Epidemiology of colorectal cancer revisited: are serum triglycerides and/or plasma glucose associated with risk?

TitleEpidemiology of colorectal cancer revisited: are serum triglycerides and/or plasma glucose associated with risk?
Publication TypeJournal Article
Year of Publication1994
AuthorsMcKeown-Eyssen G
JournalCancer epidemiology, biomarkers & prevention : a publication of the American Association for Cancer Research, cosponsored by the American Society of Preventive Oncology
Volume3
Issue8
Pagination687-95
Date Published1994 Dec
ISSN1055-9965
KeywordsBile Acids and Salts, Blood Glucose, Colorectal Neoplasms, Female, Humans, Insulin, Male, Models, Biological, Risk Factors, Triglycerides
Abstract

Several aspects of Western diets, alcohol use, and exercise patterns which are related to the risk of colorectal cancer have systemic effects in common. Those which increase the risk of colorectal cancer are positively associated with serum triglycerides and plasma glucose; those which decrease risk are negatively associated with serum triglycerides and plasma glucose. These observations suggest the hypothesis that serum triglycerides and/or plasma glucose may themselves be associated with colorectal cancer risk. Evidence for associations between colorectal neoplasia and triglycerides and glucose comes from two recent studies of adenomatous polyps, presumed precursors for colorectal cancer, and from previous studies of diabetes and cancer. In addition, three randomized trials, one in humans and two in animal models, suggest that diets which would be expected to increase serum triglycerides and plasma glucose increase the levels of cellular indicators of colorectal cancer risk. Biological mechanisms explaining associations between colorectal neoplasia and serum triglycerides and/or plasma glucose might involve luminal or circulatory effects: (a) triglycerides and/or glucose may be associated with fecal bile acids, acids which are positively associated with colorectal cancer risk in epidemiological studies and which promote colorectal cancer in animal models; (b) serum triglycerides and/or plasma glucose might influence circulating hormones, such as insulin, which might themselves be involved in cancer development; (c) serum triglycerides and/or plasma glucose might be indicators of energy available through the circulation for neoplastic cells.(ABSTRACT TRUNCATED AT 250 WORDS)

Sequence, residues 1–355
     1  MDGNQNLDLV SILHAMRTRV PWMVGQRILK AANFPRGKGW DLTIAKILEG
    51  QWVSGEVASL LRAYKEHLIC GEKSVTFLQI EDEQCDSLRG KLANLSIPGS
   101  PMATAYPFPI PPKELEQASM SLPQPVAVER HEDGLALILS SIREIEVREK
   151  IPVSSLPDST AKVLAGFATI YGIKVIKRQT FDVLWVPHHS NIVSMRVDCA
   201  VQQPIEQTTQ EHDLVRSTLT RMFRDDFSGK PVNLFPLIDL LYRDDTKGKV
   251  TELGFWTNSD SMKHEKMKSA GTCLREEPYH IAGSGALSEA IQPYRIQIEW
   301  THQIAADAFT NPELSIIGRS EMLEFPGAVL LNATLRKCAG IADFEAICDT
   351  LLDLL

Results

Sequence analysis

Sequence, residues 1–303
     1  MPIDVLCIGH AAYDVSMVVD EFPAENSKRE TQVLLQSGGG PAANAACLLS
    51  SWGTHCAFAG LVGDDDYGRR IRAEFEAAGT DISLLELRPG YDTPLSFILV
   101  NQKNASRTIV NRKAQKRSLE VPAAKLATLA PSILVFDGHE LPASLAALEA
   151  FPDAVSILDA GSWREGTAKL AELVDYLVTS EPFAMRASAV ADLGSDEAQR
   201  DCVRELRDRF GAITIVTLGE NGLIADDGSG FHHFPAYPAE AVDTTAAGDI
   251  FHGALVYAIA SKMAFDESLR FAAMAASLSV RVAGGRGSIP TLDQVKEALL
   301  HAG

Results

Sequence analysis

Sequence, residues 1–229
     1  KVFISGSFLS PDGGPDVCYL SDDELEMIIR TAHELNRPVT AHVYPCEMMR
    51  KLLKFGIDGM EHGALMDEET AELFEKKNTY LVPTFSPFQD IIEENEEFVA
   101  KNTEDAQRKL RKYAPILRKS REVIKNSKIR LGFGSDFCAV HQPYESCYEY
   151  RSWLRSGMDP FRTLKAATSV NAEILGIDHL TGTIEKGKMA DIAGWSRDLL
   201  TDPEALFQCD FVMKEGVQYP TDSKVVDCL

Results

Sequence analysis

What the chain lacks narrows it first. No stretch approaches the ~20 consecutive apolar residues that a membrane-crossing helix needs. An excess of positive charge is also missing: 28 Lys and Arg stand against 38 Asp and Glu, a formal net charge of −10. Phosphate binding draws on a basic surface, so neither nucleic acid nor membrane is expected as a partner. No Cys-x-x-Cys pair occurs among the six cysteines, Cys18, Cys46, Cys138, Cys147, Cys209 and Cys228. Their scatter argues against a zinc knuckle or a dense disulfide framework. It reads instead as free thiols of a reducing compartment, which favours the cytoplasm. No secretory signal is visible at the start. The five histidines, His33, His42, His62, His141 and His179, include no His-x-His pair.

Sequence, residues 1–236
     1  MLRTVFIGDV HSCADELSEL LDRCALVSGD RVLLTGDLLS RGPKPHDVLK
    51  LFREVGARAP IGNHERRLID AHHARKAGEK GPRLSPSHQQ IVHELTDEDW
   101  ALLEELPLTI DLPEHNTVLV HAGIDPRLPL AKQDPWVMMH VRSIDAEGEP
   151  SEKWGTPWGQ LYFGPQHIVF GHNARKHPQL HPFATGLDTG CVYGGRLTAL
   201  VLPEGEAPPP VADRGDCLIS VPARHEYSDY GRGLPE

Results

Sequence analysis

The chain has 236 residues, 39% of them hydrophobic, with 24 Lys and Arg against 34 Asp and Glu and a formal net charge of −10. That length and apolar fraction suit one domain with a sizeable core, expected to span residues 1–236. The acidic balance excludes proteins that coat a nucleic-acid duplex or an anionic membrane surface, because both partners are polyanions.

Alternate JournalCancer Epidemiol. Biomarkers Prev.
PubMed ID7881343
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